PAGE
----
â€œDonâ€™t put all your eggs in one basket,â€ my old Irish grandmother liked to say. Tesla Motors is following her advice when it comes to who will supply it with batteries for its cars and energy storage products. Even though Panasonic is a major partner in the Gigafactory currently under construction in Nevada, the company still wants to have an anchor to windward and is turning its attention to several battery makers in Korea, according to Korea Times.
â€œTesla intends to use more Korean technology on its Model 3. It decided to use tires manufactured by Hankook Tire and LG Display will possibly be supplying its OLED panels for the automotive systems. Additionally, Tesla is testing the manufacturing capability and production of LG Chem, Samsung SDI, and SK Innovation,â€ said a Korean official on May 17.
Tesla executives recently visited key research centers at LG Chem, Samsung SDI, and SK Innovation, holding working-level meetings with all of them. The meetings are part of Teslaâ€™s strategy to increase the number of sources it has for battery needs.
The upcoming Tesla Model 3 has shocked the automotive world by getting ~400,000 reservations since it was introduced just 6 weeks ago (last we heard â€¦ ~1 month ago). Together with Chevroletâ€™s upcoming all-electric Bolt, many industry observers think the world is witnessing the â€œthird wave of adoptionâ€ for electric vehicles. They see the market reaching a tipping point where electric vehicles become a viable choice for mainstream drivers.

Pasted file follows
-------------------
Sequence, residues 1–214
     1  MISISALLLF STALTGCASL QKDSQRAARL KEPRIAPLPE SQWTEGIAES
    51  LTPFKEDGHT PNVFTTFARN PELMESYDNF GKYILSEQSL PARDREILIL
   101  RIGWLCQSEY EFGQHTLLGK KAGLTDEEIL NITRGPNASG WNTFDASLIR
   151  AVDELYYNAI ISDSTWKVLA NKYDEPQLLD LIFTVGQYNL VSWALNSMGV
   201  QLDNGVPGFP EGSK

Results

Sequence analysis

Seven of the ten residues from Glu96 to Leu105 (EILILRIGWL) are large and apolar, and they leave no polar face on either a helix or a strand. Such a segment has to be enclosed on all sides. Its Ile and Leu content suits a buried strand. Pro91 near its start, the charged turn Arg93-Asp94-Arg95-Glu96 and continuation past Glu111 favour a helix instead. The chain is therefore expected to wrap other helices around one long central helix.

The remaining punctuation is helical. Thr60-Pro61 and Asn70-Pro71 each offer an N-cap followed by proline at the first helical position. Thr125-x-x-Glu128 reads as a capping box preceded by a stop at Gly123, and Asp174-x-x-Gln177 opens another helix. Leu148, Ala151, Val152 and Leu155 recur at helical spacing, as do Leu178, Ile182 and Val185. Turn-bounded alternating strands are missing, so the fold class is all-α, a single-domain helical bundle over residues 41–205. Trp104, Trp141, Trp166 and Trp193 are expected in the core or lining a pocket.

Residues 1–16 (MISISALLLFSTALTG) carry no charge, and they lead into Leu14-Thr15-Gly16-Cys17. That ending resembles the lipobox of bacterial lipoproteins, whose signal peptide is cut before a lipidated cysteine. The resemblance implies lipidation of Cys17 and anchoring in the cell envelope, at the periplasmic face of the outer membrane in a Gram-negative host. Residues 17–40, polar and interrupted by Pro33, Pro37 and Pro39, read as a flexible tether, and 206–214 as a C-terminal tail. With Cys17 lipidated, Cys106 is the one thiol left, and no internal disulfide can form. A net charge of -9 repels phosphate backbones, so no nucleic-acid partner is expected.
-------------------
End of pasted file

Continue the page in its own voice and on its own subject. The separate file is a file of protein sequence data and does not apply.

â€œThis is why LG Chem, Samsung SDI and SK Innovation all are keenly interested in boosting their tie-up with Tesla. The three Korean battery manufacturers canâ€™t afford to lose the new business given the Model 3â€™s impressive initial responses from customers,â€ said an unnamed Korean official.
An LG Chem spokesman said the largest battery supplier in the world has no official comment about its business with specific clients. Samsung SDI said it has no authority either to confirm or to deny business deals with its major clients. SK Innovation wasnâ€™t available for comment.
Although Tesla until now has used standard cylindrical lithium-ion battery cells, known in the industry as 18650 cells, many manufacturers have been usingÂ rectangular or pouch-type cells. Different cell configurations have differing power and energy density characteristics. Packaging considerations within a battery pack are also important.
LG Chem favors pouch-type cells, whileÂ Samsung SDI focuses on rectangular cells, according to sources. Tesla mayÂ be keeping its options open with regard to what type of cells will best meet its needs in the future. And it never hurts to have two or more suppliers competing for your business.